TE RANGITAKE, Wiremu Kingi
Te Atiawa chief.
A new biography of Te Rangitake, Wiremu Kingi appears in the Dictionary of New Zealand Biography on this site.
Te Rangitake was born about 1795 at the Te Atiawa settlement at Manukorihi on the north bank of the Waitara River and was one of the three sons of Reretawhangawhanga and Te Kehu. About 1833 he joined the main Taranaki Poukena heke or migrating groups in their journey to Whanganui-a-Tara or Port Nicholson. As this involved him in skirmishes, near Foxton and Otaki, with Te Rauparaha and the Ngati Raukawa, Te Rangitake decided to settle his tribe at Waikanae – about 30 miles north of Wellington. When Hadfield opened his mission at Otaki, Te Rangitake became one of his first converts; and, on being baptised, took the names Wiremu Kingi (William King). For some years after he had embraced Christianity, Kingi showed a friendly disposition towards Europeans.
When Colonel William Wakefield arrived in 1839, Wiremu Kingi was one of the first Te Atiawa chiefs to sign the Queen Charlotte Sound deed. By this document Wakefield endeavoured to persuade the tribes to renounce their rights to lands in Taranaki. From his general attitude towards land selling at this time, it would appear doubtful whether Kingi really understood what was involved. Throughout the unsettled years which followed the Wairau Affray, he supported Hadfield against the warlike proclivities of Te Rauparaha and Te Rangihaeata. It is said that the peacemaking efforts of Hadfield and Kingi eventually influenced Tamihana Te Rauparaha, and Matene Te Whiwhi – the two chiefs who founded the Maori “King” movement.
In 1847, while accompanying Grey in the Inflexible on his visit to Taranaki, Wiremu Kingi firmly declined to abandon his land claims at Waitara and, later in that year, was so disturbed and suspicious of European intentions that he evacuated his lands at Waikanae and led 500 of his people back to their Taranaki ancestral lands. On his return he found the old cultivations on the north bank of the river at Manukorihi were occupied by a Maori party from Waikato. In view of this he settled on the south bank. During the following summer of 1849 to 1850 he erected a strong pa at the mouth of the river. By 1854 it was evident that the Maori people in general were becoming concerned about European penetration in the form of settlement expansion and greater land demands for farming. During the following five years a serious dispute arose over the land that Wiremu Kingi occupied. His nephew, Te Teira, suddenly, for no reason whatever, laid claim to this land and agreed to sell it to the New Zealand Government. In the presence of Governor Browne at New Plymouth, on 7 March 1859, Wiremu Kingi declared his determination to oppose this sale by Teira. During the months that followed, Wiremu Kingi, as leader of his people, remained firm. He could do nothing to change the “ture” or law of the Maori. With regard to land, Wiremu Kingi said “that no Maori owned land, the land was owned by all the people to be used communally and individually and not to be possessed. Under Maori custom no land could be sold without the consent of all the people. As leader he must make a decision in accordance with the people's demands”.
In December 1859 Wiremu Kingi refused to accept the Maori King's flag. The sale of the land was completed in early 1860 without the consent of the people and, soon after, surveyors entered into the block. Wiremu Kingi and his people promptly resisted by obstruction, and ignored the order from the Government to stop removing survey pegs and to cooperate. With this refusal, Government troops were sent to Waitara on 5 March 1860, actual fighting breaking out on 17 March 1860, though it died away by 8 April. This was the prelude to the Taranaki War. With the issue still undecided, Wiremu Kingi retired inland to the Ngati Maru district, where he lived in seclusion for the next 12 years in close association with the Maori King. Wiremu Kingi's stand at Waitara had far-reaching effects throughout Maoridom. He set the standard to follow, and Maoris everywhere gained strength in their anti-land-selling movement that had gradually been the main weapon in their resistance to European settlement and penetration since 1840.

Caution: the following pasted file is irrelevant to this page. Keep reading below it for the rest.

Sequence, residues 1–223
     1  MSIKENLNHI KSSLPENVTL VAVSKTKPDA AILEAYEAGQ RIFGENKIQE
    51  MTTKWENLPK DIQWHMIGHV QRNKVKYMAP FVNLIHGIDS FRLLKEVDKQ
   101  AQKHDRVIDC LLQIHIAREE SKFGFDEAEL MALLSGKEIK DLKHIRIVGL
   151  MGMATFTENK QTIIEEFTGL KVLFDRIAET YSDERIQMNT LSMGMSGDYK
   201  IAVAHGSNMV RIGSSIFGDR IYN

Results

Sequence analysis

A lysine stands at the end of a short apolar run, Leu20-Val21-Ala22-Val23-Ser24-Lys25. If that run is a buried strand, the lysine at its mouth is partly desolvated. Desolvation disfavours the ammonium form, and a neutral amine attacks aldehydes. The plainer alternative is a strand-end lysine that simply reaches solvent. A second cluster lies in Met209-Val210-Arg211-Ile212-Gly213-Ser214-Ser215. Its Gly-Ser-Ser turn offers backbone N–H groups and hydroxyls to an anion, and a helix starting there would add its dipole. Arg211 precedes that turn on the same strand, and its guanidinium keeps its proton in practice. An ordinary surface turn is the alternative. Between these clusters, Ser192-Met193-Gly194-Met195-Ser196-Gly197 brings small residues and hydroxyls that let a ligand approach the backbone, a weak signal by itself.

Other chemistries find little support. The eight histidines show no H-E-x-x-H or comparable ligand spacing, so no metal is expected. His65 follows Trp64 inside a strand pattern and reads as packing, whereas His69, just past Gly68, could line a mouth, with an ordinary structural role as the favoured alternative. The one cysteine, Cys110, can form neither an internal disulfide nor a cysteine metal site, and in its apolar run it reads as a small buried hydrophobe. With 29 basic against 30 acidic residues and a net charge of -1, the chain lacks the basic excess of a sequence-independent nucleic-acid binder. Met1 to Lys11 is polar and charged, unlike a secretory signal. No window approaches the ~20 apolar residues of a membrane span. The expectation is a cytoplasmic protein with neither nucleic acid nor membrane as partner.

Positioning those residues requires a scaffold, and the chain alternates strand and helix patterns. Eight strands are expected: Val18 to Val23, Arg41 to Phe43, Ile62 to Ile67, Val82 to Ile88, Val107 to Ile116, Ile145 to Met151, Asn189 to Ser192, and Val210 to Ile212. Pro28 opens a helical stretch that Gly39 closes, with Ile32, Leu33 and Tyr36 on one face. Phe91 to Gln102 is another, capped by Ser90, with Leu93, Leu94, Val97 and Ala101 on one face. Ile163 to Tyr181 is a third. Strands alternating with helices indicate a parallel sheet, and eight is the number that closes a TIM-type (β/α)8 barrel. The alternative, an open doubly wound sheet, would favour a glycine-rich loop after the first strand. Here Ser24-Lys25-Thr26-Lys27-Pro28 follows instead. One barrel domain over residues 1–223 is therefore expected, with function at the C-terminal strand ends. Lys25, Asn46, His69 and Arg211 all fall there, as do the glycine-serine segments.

Between 1867 and 1868 Wiremu Kingi lived for 18 months with the Taranaki tribe at Warea. He visited Titokowaru but rejected an invitation to join this warrior in his guerilla warfare. Later Wiremu Kingi lived for nearly five years at Parihaka with Te Whiti-o-Rongomai and Tohukakahi. These famed prophets during the 1870s and 1880s were begining their “passive” resistance work. Though he was never again on terms of cordiality with the Europeans, Kingi had business relations with them and did not interfere with the settlers. Parris, on behalf of the New Zealand Government, recommended in 1869 that Wiremu Kingi's people should receive grants of land. It was significant that the New Zealand Government eventually recognised the need to grant compensation for land confiscated in Taranaki. In 1926 Government granted £5,000 annually in perpetuity to the Taranaki peoples, which today is administered by the Taranaki Trust Board.
In his later years Wiremu Kingi preferred seclusion and followed a purely “native life”. For some time he lived at Manutangi and, later, he moved to Kaingaru, where he died on 13 January 1882. The Government's treatment of him over the Waitara Block is a controversial incident in New Zealand history. Sir George Grey was anxious to remedy what he considered an injustice, and both Sir William Martin and Bishop Selwyn warmly championed the chief whose arms in early days had so often protected the English settlers.
by Ihakara Porutu Puketapu, B.A., Administration Officer, Department of Maori Affairs, Wellington.
- New Zealand Herald, 23 Mar 1901
- Taranaki Herald, 18 Jan 1882 (Obit).